With the seemingly constant development and implementation of technology in the workplace, it is a valid concern for many in accountancy, that artificial intelligence (AI) might eventually make their jobs obsolete, particularly ones where human error is a risk that could lead to serious consequences.
The likes of luminaries such as PwC and Oxford University have predicted that within 20 years, 97.5% of accountant clerk and bookkeeper jobs could be automated. However, those statements were made almost 10 years ago, and it would seem that those early fears of AI making great swathes of accountancy professionals redundant, don’t represent the reality of the 2020’s. The question is, does AI still have the potential to replace professionals working in the field of accountancy, or is the very concept, fantasy?
According to the US Bureau of Labour Statistics (2018), there is nothing to fear when it comes to AI replacing accounting jobs. Indeed, the USBLS, actually projected a 7% increase in demand for accountancy jobs between 2020 and 2030, despite the presence of AI, suggesting that the additional time gained from not completing the mundane tasks allows accountants to become more proficient in their advisory and analytical duties. This is quite a contrast from the claims made by PwC and Oxford University. Let’s break down the pros and cons of AI in relation to the accounting profession.
What is AI useful for in accounting?
AI can automate tasks such as data entry, report generation, payroll, bank reconciliation and contract interpretation. These tasks are typically repetitive and if you are working for a firm with a substantial workload, it’s a relief to know you can rely on tools such as AI to manage repetitive tasks quickly and with accuracy while you dedicate your time to other aspects of the business.
What are some potential issues with AI?
It goes without saying that AI can work better than humans in many ways, but don’t give up on the humans just yet - AI does of course have shortcomings:
- AI isn’t quite as smart as some would have you believe - for example, AI is unable to make strategic decisions. While AI can deal with all the number crunching, it doesn’t have the capability to advise a business owner what to do with the numbers. The strategic decisions based on the data have to be made by humans who understand how to interpret them.
- AI is unable to determine the reliability of data sources - If an employer wanted to, they could charge a personal expense under the guise of a company expense, and AI would likely not think twice about it, allowing suspicious activity to go unnoticed.
- There are security and ethical concerns surrounding the use of AI - According to the Centre for Data Ethics and Innovation (CDEI) (2019), bias was highlighted as a major ethical concern with AI because “machine learning systems can, intentionally or inadvertently, result in the production of already existing biases”.
Is AI really comparable with humans?
Although AI will be able to complete some accounting tasks more efficiently and without human error, it does not mean accountants are going to be made redundant. There are still human elements of accounting that could not possibly be achieved by a computer. Let’s have a look at them:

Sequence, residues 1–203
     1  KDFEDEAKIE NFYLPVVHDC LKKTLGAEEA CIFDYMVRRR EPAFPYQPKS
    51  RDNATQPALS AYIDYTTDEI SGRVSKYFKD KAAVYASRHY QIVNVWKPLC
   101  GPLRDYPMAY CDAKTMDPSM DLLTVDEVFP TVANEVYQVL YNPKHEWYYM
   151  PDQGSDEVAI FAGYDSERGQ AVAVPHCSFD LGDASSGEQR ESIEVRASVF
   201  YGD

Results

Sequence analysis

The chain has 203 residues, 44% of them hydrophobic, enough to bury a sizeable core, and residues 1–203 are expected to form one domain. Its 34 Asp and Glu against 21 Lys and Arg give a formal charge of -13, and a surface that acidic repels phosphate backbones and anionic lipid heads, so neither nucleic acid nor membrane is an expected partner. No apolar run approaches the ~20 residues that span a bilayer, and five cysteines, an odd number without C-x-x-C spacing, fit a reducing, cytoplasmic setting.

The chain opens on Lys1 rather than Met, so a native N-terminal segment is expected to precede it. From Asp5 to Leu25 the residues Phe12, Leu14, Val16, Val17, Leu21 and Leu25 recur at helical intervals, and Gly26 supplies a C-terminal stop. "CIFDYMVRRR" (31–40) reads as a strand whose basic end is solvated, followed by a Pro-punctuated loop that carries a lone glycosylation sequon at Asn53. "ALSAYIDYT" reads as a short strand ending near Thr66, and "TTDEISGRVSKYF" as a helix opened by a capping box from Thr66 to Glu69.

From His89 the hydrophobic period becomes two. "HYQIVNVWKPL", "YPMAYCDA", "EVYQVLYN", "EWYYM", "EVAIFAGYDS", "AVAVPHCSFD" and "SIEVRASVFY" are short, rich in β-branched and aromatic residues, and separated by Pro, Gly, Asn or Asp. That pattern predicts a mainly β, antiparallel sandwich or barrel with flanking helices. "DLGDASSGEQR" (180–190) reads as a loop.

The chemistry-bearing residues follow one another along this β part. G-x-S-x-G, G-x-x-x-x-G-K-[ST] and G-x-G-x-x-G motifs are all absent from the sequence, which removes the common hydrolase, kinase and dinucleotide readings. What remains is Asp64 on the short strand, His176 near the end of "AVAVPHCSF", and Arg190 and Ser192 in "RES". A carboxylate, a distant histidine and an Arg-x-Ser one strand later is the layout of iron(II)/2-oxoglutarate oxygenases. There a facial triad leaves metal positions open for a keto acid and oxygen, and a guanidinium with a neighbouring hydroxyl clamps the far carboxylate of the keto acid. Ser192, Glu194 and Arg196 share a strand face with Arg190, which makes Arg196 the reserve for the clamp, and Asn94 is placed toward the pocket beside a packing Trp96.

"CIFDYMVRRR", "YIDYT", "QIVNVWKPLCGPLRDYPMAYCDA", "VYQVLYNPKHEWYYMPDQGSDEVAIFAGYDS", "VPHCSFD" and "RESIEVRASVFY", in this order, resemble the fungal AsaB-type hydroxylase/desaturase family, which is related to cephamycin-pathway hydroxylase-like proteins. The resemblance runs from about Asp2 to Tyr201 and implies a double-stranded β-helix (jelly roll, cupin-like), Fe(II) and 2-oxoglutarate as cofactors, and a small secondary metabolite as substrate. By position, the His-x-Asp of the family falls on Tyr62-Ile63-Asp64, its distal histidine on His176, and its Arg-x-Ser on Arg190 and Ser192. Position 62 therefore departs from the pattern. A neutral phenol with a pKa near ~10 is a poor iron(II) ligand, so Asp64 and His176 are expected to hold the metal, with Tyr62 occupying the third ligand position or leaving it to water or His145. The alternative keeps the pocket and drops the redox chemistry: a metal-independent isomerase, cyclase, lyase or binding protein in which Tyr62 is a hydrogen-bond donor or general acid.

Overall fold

- Instinct - This comes with experience. A well-seasoned accountant will possess the ability to recognise problems before they start to materialise, and take the necessary measures to eradicate them.
- Experience - What’s great about us humans is that we can draw on previous experience with clients to better assist present and future clients. Although AI could use simulations, it does not have the capacity to reflect and apply the relevant knowledge to immediate circumstances.
- Trust - Unlike software, it is in our nature to develop relationships with people we interact with. As we all know, fostering positive relationships with clients is key to a successful business, and this would not be achieved with AI.
- Interaction - Although AI can communicate with clients, it may take longer to get to the root of the issue relying on a process of elimination rather than a reciprocal conversation, leaving the client feeling frustrated and helpless. It may be preferred by most people to speak to a real person so they can have their needs addressed immediately.
- Compassion - Quite frankly, computers do not understand humans. They have no clue about a client’s stake in the company, nor can they interpret human emotions... because they’re software. Again, this could lead to a lack of trust between client and company because of the impersonal nature of communication.
The bottom line is that AI can provide immense value to organisations in completing repetitive tasks, that will ultimately free up time for accounting professionals and add value for clients. Indeed, Gartner has suggested that AI will actually create more jobs than replace them! Clearly the human element is still fundamentally vital to the successful operation of an accountancy business. Contrary to the initial view of PwC and Oxford University, it seems the common understanding now is that AI may transform accounting, but it’s our view that for the foreseeable future it’s unlikely to replace accountancy professionals.
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